That movie was devastatingly beautiful because of Adams: her vulnerability, her curiosity, and her open-faced belief that her new sister-in-law Madeleine would be as enthusiastically receptive of her new family as Ashley felt. The fact that Ashley is attempting to make a connection with all the Johnstens is heartbreaking precisely because of her wide-eyed, childlike faith in the fact that if she just keeps talking, they will all love her back.

Now, a drama like Junebug and a rom-com like Leap Year are nowhere near each other in terms of scope and audience. One is a money-grab while the other is reaching for a prize. But I really wish that Adams’ mainstream success–not to mention that of other actresses–didn’t have to come at the expense of nuance and artistry. After all, we shouldn’t all have to pretend that we are flustered and out of control in order to get the recognition we want and deserve. Talent and desire should play a part, too.

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some dreams must be shared

Such as this one:

I am Lindsay Lohan. I am bright and bubbly, at least for the moment.

I am attempting to branch out into directing. Unfortunately, when I arrive at the set of my new movie, my co-director is Janice Dickinson.

When I arrive she criticizes my clothes (I am wearing sneakers rather than boots) and informs me that I am not a director but, actually, have been downgraded to treasurer (a role I didn’t know existed on movie sets).

She then forces me to go to an amusement park where I am arrested while carrying a wax log (a prop?) which a police officer insists is filled with dangerous amounts of tobacco. I cannot reach my girlfriend via cellphone.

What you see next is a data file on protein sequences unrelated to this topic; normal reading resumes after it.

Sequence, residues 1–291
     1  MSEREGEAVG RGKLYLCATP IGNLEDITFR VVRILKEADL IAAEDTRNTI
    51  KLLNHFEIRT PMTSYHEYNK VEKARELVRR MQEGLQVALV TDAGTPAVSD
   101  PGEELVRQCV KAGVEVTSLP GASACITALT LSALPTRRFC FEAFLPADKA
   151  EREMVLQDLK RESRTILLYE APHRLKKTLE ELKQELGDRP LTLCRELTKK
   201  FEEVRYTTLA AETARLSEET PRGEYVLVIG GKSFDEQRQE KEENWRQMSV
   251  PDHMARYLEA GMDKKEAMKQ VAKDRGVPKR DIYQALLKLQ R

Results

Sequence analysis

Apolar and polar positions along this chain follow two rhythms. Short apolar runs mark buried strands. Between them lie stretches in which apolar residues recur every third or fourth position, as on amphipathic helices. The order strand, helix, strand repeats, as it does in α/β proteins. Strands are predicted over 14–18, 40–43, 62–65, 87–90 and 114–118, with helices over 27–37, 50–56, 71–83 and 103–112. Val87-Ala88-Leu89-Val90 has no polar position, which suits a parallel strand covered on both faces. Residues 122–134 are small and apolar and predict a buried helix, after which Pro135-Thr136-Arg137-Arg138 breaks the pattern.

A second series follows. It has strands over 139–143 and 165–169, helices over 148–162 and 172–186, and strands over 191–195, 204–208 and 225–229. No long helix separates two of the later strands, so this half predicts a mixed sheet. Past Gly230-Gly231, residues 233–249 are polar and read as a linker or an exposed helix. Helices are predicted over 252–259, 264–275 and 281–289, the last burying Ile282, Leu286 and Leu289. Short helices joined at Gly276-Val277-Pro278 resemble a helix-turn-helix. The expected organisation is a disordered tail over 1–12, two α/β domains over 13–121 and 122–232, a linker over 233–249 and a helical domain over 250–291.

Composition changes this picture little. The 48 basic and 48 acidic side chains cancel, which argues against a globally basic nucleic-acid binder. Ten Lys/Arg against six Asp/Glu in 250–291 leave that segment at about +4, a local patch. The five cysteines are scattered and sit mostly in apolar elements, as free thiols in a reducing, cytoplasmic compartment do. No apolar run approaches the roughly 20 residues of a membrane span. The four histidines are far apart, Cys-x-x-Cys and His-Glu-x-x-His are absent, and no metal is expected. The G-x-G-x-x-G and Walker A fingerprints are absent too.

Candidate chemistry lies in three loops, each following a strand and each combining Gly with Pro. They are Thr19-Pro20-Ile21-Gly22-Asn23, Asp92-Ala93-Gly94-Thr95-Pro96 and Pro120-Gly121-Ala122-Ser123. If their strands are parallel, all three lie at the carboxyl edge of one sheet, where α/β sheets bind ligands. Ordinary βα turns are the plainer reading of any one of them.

Then I realize the officer has not written down my name, leave, and arrive at set on time, in boots.

Interpret away.

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“Wolverine” in 140 characters or less

I have claws! Aaah! I’m a lumberjack and that’s OK! Will.i.am in a cowboy hat. Anger! Betrayal! Man, you’ll always be my bra. What happened?


‘Nuff said.

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it was all a dream

So, time for some shameless self-promotion. And Biggie adoration, too!  I recently saw the new biopic Notorious.  Check out the review here.

Even though I knew B.I.G.’s biopic was going to be a bit of a bust, the trailer made me hope.

But even if the movie doesn’t measure up to the music, I’m glad the Notorious B.I.G. got his own tribute.  It’s about time for some parity.  No offense meant to Tupac, of course–it’s hard to compete with his charisma and otherworldly beauty on the hip hop memorial circuit.

It’s just too bad that the film didn’t give Biggie his due (and gave a lot of credit for what he did do to producer Puffy, or P. Diddy, or Diddy, or Sean Combs, or whatever name he chose right after the credits rolled).

Let’s not give any more credit to the industry that Combs has built on Biggie’s legacy. Instead, thank him for rapping (and thanking Brooklyn)…

…and enjoy his songs. They always take me back.